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Homeschooling: The Good Stuff #7 -- Self-Regulation

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What are your kids doing this summer? If you haven't signed up for summer camp yet, not to worry. According to this article in The Atlantic, rest, relaxation, and plenty of unstructured playtime will serve your kids better than high-priced camps, workshops, or lessons.

Researchers are figuring out what many homeschooling parents have known all along. Play, play, and more play helps children learn self-regulation better than anything else.

Self-regulation includes impulse control, thinking before acting, and the ability to organize and plan. People who can self-regulate enjoy better retention and have an easier time paying attention, among other benefits.

In a competitive world where education is increasingly driven by specialized curricula and high-stakes testing, it may be hard for parents to get their brains around the idea that just letting kids play is the way to go. Go ahead, give it a try, and pay attention to what happens.

Observing kids at play is fascinating, entertaining, and ultimately grounding. While doing things like playing house, making mud pies, sorting seashells, building fairy houses, drawing pictures, or reading books of their own choosing, kids are thoughtfully and sincerely exploring what it means to be a person. Watching without trying to interfere or control can be enlightening, moving, and on some days, profound. Through imaginary play, I've watched my own kids process what they see in the world around them, taking control, solving problems, and figuring things out for themselves.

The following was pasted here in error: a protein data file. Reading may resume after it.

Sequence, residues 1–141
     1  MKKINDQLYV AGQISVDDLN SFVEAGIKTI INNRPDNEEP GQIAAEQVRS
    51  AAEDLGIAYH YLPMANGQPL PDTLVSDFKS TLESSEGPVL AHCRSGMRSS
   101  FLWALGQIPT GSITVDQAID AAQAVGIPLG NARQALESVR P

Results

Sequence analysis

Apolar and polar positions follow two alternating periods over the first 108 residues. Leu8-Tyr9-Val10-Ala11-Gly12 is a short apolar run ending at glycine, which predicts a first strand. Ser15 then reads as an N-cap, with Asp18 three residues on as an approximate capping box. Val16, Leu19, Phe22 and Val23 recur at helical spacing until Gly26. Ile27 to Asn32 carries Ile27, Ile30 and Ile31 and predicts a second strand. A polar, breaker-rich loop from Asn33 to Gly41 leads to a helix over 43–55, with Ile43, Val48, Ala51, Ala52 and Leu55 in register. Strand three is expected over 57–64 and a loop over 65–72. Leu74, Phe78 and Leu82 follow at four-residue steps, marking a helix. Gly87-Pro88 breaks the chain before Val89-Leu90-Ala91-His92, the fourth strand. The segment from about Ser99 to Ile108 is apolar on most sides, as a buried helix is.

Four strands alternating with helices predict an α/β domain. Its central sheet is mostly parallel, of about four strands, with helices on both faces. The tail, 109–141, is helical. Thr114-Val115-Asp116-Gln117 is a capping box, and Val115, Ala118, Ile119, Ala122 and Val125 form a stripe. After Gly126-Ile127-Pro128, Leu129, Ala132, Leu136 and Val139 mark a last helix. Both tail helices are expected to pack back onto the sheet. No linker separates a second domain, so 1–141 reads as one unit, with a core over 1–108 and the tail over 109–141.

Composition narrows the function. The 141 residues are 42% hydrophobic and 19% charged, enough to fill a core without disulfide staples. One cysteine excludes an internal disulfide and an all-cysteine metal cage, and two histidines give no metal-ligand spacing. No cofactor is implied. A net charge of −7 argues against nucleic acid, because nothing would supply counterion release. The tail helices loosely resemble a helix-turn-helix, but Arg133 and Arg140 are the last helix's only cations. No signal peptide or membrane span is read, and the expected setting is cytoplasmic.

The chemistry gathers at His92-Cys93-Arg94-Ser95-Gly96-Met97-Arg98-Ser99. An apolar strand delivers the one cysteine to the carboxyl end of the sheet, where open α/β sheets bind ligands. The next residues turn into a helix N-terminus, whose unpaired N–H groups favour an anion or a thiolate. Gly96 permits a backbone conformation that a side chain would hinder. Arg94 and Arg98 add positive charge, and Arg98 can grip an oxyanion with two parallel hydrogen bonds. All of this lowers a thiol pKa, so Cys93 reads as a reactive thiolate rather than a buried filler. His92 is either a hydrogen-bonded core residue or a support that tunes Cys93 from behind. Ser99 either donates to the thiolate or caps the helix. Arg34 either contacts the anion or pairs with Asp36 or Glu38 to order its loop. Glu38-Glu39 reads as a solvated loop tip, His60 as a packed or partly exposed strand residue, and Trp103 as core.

Now that they're older, they carry that spirit of play, along with the benefits gleaned from it, into all their endeavors. Whether it's performing an improvised musical solo, running a rehearsal for "Much Ado About Nothing," answering phones for Samaritans, helping plan a prom for the queer-straight alliance, writing papers for classes, going to a Model United Nations conference, or studying for the SAT, they can be spontaneous, creative, composed, and organized all at the same time. After all, what does thinking on one's feet involve? A mind that can focus clearly on the present moment while filtering ideas and assessing their potential impact.

So let your kids play. The confidence, competence, and organizational skills they'll gain are lifelong assets.

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